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Groundbreaking Electrochemical Immunosensor for Rapid Detection of COVID-19

Fast, economical and precise tests continue to be indispensable for epidemiological investigation and for health services to track and control the escalation of SARS-CoV-2. Brazilian researchers have contributed to the tasks in this domain by creating an electrochemical immunosensor that is capable of detecting antibodies against the virus.

Illustration of the structure of zinc oxide modified with the spike protein and its interaction with antibodies in the sample. The novel method detects COVID-19 antibodies in 5 minutes. Image Credit: Karin Regina Leite de Oliveira/DK design.

The innovative immunosensor has been illustrated in a recently published article in ACS Biomaterials Science and Engineering.

Hunting for a unique diagnostic process, the team selected a material often used in metallurgy—zinc oxide—and integrated it for the first time with fluorine-doped tin oxide (FTO) glass, a conductive material employed in electrodes for photovoltaics and other modern applications.

With this unusual combination and the addition of a biomolecule, the viral spike protein, we developed a surface capable of detecting antibodies against SARS-CoV-2. The result is displayed as an electrochemical signal captured by this surface.

Wendel Alves, Study Lead Author and Professor, Center for Natural and Human Sciences Federal University of ABC

Alves is a chemist and heads the Electrochemistry and Nanostructured Materials Laboratory at UFABC.

The electrode created by the scientists identified COVID-19 antibodies in serum in approximately 5 minutes with 100% specificity and 88.7% sensitivity, outclassing even the enzyme-linked immunosorbent assay (ELISA) test, the prevalent gold-standard medical diagnostic tool.

The study was supported by FAPESP through a Thematic Project and the National Science and Technology Institute for Bioanalysis.

According to Alves, who heads UFABC’s Electrochemistry and Nanostructured Materials Laboratory, prior insight into chemical properties, such as the isoelectric point of the virus’s spike protein (S), allowed the team to create a platform for S to adhere electrostatically to zinc oxide nanorods. Zinc oxide is progressively used to make biosensors due to its versatility and distinctive optical, electrical, and chemical properties.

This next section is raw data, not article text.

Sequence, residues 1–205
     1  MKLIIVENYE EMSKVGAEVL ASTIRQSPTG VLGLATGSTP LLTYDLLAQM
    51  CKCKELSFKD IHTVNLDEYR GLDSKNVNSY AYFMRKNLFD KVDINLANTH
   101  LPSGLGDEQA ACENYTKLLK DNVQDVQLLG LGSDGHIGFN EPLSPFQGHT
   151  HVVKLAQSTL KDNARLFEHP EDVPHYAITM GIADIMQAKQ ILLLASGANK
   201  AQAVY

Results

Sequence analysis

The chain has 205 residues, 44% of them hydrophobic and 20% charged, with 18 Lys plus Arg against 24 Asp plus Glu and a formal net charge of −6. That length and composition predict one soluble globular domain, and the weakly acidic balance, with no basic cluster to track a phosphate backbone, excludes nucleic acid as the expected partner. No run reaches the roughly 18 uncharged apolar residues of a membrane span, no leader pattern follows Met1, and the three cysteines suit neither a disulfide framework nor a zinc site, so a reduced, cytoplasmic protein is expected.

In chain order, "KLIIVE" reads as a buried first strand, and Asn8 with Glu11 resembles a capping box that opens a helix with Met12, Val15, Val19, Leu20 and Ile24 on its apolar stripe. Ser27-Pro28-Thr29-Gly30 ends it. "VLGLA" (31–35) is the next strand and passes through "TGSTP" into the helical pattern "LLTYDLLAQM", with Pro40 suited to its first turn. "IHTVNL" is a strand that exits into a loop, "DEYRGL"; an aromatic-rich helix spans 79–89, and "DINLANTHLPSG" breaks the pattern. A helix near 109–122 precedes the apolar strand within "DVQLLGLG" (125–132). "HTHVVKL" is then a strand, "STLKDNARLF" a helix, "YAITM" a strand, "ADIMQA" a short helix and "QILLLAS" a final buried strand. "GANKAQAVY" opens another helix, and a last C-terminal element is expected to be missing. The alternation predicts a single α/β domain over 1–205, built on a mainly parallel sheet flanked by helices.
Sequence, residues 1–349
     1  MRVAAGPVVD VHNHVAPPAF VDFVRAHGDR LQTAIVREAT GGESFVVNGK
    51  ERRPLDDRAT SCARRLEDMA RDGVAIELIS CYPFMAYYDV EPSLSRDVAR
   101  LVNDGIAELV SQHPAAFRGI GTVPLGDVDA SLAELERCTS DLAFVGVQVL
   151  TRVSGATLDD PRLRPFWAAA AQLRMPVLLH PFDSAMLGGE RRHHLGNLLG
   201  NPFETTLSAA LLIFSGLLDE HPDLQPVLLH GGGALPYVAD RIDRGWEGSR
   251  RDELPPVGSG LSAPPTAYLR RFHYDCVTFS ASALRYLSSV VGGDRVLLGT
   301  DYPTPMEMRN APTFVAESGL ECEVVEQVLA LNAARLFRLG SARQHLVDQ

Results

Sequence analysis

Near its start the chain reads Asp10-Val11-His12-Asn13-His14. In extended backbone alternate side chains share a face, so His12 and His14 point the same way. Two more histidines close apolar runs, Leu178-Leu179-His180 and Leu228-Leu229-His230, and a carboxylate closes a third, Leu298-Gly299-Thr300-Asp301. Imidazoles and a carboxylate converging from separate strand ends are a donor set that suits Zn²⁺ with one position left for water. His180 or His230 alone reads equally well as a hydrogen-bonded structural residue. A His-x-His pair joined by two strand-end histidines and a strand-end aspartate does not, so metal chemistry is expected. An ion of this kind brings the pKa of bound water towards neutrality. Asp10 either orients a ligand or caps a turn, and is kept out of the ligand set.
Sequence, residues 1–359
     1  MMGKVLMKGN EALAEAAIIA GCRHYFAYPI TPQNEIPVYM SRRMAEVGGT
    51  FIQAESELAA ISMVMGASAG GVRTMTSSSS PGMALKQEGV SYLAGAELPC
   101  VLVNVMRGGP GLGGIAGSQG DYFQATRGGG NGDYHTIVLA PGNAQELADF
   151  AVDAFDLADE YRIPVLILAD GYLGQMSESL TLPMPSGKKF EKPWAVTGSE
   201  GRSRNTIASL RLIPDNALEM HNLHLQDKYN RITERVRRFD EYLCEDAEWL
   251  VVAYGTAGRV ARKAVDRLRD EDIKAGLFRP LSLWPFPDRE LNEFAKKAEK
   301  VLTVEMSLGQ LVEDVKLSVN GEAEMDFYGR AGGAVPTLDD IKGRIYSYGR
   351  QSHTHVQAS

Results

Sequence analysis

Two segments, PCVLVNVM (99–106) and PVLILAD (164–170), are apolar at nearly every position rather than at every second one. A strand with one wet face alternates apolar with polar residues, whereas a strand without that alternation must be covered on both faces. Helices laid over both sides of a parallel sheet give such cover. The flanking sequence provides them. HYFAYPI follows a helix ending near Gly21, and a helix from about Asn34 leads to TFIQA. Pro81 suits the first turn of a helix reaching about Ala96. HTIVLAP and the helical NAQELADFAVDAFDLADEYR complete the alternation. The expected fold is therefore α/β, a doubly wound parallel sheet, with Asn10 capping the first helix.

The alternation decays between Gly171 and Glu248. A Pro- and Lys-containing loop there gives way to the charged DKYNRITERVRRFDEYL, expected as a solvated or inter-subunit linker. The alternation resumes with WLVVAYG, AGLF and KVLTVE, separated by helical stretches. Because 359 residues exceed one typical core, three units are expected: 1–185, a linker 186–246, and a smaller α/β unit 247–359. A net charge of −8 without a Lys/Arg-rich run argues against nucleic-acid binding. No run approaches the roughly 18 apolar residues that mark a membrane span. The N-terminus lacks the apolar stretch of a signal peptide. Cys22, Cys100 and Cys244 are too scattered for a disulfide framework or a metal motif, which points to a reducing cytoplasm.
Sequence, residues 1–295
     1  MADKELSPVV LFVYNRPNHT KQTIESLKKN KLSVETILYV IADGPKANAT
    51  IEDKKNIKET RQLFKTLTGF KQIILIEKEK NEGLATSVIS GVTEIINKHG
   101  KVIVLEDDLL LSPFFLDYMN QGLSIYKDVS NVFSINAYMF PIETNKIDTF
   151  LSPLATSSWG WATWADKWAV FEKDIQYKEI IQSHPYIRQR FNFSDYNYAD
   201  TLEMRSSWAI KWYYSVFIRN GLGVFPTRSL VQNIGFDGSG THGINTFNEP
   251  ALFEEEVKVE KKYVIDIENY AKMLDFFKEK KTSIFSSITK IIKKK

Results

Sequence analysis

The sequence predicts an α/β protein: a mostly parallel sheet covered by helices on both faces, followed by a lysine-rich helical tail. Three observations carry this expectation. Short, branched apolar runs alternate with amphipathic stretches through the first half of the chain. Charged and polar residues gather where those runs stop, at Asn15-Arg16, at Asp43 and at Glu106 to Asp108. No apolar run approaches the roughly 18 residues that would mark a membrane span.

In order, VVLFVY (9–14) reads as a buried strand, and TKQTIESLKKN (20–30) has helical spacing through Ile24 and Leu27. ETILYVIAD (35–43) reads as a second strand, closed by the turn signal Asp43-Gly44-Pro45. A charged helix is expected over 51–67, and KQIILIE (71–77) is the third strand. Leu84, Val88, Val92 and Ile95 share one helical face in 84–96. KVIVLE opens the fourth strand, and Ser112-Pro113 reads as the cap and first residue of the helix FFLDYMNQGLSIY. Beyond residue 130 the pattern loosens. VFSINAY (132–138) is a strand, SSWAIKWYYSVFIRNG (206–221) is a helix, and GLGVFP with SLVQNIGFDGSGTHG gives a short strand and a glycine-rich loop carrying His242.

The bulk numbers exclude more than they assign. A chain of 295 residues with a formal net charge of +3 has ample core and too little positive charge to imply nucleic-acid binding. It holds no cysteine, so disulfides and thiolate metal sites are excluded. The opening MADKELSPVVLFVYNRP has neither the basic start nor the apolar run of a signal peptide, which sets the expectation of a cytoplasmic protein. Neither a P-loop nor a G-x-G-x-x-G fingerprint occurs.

The immunosensor is simple to create and use, and its production cost is comparatively low.

The group succeeded in developing the device thanks to its strong knowledge of novel materials and zinc oxide nanorod synthesis.

Wendel Alves, Study Lead Author and Professor, Center for Natural and Human Sciences Federal University of ABC

The nanorods develop a film on the FTO’s conductive surface, forming a suitable molecular microenvironment for immobilizing the S protein and making the construct to positively identify these antibodies.

The team will modify the platform to render it portable and connectable to mobile gadgets to identify COVID-19 and other contagious diseases.

Analysis and Future Uses

Nearly 107 blood serum samples were examined. They were separated into four groups: pre-pandemic (15), vaccinated without prior positive outcomes for the disease (25), vaccinated after a positive outcome (20), and COVID-19 convalescents (47).

Two doses of the vaccine CoronaVac were given four weeks apart. CoronaVac is made by SinoVac, a Chinese company in collaboration with Butantan Institute (São Paulo state).

The study authors—scientists affiliated with UFABC and the Heart Institute (INCOR), which is managed by the University of São Paulo’s Medical School (FM-USP)—observe that the device identifies antibodies made in reaction to infection by the virus as well as infection by vaccination, and demonstrates exceptional potential as a tool for tracking seroconversion and seroprevalence.

They emphasize that sensing the response to vaccination is vital to help public health authorities evaluate the efficacy of diverse vaccines and immunization programs or campaigns.

The device has been verified for identifying immunity prompted by CoronaVac, but the team plans to expand its use to testing for the reaction to AstraZeneca’s and Pfizer’s vaccines.

One of the benefits of the electrode they created is its versatile architecture. It can be tailored for other biomedical and diagnostic applications using various biomolecules on the zinc oxide nanorods and other crucial analytes.

“The technology is a versatile biosensing platform. As developed by us, it can be modified and customized for serological detection of other diseases of public health interest,” Alves said.

Journal Reference:

Nunez, F.A., et al. (2022) Electrochemical Immunosensors Based on Zinc Oxide Nanorods for Detection of Antibodies Against SARS-CoV-2 Spike Protein in Convalescent and Vaccinated Individuals. ACS Biomaterials Science and Engineering.

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